To call the WAMM a breakthrough is an exercise in understatement.

Peter Moncrieff, editor of International Audio Review, proclaimed the WAMM was “audio in its noblest form.” Larry Archibald, then the publisher of Stereophile, said the WAMM was “…the most enjoyable speaker system I’ve listened to, and significantly valuable as a diagnostic tool.”

Since those auspicious nascent days, Dave and Sheryl Lee’s sheer determination and passionate commitment became an essential element in their effort to not just to survive the challenges and obstacles endemic to small startups, but to nurture and develop Wilson Audio into one of the most respected brands and companies in the audio industry. Wilson grew beyond their garage in Northern California into larger and larger commercial spaces, and finally settled in a state-of-the-art facility in Provo, Utah. Dave led the company based on a philosophy of authentic values­—values that are as central to Wilson’s success as are Dave’s myriad breakthrough loudspeaker designs. He also assembled and mentored one of the deepest and most talented engineering teams in the history of loudspeaker design. With the team came expertise, technology, and design tools that were simply unimaginable during the time Dave designed the original WAMM.

About five years ago, Dave realized the investment he and Sheryl had made over several decades—cultivating the best design team and developing a modern manufacturing infrastructure—presented a unique opportunity. What if he were to revisit the WAMM concept with these new assets at his side? He came to understand it was time to push his talented and technologically savvy design team to new extremes. He began work on a new WAMM, a design that would not merely be worthy of its namesake, but would redefine (again) the idea of what is possible in music reproduction.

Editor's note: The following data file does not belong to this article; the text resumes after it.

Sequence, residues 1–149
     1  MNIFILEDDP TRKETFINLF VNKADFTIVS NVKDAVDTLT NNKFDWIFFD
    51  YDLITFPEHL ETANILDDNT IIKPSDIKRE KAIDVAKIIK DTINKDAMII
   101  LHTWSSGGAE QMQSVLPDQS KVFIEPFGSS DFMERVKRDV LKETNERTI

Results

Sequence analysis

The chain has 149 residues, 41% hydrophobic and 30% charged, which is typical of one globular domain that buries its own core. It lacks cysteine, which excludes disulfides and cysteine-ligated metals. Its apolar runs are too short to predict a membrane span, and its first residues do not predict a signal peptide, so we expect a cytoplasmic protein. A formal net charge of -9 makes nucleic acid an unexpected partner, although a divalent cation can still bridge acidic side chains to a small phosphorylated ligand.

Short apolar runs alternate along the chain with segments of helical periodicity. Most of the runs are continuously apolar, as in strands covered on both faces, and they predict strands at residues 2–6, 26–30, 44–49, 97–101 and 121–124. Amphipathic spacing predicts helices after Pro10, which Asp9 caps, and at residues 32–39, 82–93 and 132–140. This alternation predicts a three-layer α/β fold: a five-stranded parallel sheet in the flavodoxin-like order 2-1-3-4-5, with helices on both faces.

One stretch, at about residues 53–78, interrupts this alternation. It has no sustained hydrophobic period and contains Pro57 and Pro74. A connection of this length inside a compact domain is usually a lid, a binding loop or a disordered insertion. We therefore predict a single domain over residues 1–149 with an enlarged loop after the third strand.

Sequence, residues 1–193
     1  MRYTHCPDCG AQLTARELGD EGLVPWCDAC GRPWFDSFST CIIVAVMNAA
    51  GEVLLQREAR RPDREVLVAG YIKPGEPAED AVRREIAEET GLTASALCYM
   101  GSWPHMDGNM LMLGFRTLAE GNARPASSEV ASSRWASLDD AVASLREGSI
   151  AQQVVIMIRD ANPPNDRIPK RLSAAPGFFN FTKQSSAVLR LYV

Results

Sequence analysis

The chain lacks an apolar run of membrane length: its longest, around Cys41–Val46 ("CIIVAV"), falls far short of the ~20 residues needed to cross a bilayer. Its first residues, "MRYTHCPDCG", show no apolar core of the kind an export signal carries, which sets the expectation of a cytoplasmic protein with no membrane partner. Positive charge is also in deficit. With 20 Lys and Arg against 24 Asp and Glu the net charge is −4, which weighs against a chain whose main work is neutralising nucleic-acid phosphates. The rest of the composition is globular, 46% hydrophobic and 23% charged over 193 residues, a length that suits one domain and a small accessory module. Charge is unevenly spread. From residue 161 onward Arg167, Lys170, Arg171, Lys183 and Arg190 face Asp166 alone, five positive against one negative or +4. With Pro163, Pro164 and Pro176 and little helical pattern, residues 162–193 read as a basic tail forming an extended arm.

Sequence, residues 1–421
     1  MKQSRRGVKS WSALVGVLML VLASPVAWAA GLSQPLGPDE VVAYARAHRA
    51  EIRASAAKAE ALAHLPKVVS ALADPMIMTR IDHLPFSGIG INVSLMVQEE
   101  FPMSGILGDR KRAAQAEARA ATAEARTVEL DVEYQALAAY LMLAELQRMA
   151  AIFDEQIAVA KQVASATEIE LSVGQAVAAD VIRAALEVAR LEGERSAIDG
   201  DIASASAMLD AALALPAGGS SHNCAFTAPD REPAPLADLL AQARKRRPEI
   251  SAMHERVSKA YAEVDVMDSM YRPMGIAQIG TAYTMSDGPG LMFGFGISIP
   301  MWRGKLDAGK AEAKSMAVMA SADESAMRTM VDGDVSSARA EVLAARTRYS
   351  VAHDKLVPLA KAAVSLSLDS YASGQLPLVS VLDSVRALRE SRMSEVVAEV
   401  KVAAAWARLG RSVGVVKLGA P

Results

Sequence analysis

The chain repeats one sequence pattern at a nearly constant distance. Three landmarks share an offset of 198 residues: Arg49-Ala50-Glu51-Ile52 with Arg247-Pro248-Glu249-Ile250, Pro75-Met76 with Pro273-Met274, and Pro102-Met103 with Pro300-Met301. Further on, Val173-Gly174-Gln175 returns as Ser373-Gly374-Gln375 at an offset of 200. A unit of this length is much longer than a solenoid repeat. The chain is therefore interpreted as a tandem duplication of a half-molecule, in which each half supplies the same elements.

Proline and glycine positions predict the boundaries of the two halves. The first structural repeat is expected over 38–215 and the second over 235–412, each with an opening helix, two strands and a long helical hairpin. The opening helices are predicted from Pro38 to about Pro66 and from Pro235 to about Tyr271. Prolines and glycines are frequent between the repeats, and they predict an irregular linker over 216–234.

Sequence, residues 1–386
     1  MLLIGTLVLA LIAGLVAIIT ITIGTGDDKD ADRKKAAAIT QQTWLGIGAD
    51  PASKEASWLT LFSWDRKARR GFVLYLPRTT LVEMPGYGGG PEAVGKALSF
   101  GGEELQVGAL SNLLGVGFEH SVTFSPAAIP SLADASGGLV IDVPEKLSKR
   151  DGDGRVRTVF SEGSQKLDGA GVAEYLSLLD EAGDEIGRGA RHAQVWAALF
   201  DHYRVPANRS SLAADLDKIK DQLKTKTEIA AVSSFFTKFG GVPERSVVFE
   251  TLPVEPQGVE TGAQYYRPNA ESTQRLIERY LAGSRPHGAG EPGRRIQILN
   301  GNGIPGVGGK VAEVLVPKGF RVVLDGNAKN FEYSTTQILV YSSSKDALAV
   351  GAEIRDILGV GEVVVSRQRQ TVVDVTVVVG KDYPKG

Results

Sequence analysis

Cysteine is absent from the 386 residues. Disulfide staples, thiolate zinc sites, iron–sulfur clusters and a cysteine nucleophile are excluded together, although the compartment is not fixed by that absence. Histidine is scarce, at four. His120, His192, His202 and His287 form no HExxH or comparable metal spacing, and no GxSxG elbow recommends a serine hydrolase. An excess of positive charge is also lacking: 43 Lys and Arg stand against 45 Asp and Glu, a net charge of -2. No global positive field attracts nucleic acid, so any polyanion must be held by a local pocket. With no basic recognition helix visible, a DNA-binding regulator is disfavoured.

The result of that five-year project is the WAMM Master Chronosonic™.

The Master Chronosonic is Dave Wilson’s ultimate artistic expression, pushing the boundaries of Wilson Audio’s state-of-the-art manufacturing capabilities while maintaining the hand-crafted guild culture for which Wilson Audio is famous.

The Master Chronosonic™ Adjustable Array
The hallmark of the Master Chronosonic’s technical achievement, and the principal factor central to its unique ability to sound utterly lifelike, is the Master Chronosonic Adjustable Array. The Master Chronosonic is capable of time-domain accuracy heretofore possible only in the theoretical realm. The Master Chronosonic Micrometer System gives the new WAMM an unprecedented level of adjustability. Module adjustability is refined down to a previously inconceivable five microseconds (five-millionths of a second) per adjustment increment. Special attention was paid to maintaining extreme rigidity in the movable areas. The flat-bed hardware supporting the tweeter and upper midrange modules utilizes a unique combination of Wilson’s latest composite, W-Material, and aluminum. The front-firing modules never interface with aluminum, but instead are attached to a W-Material substructure below, which provides extraordinary vibration termination.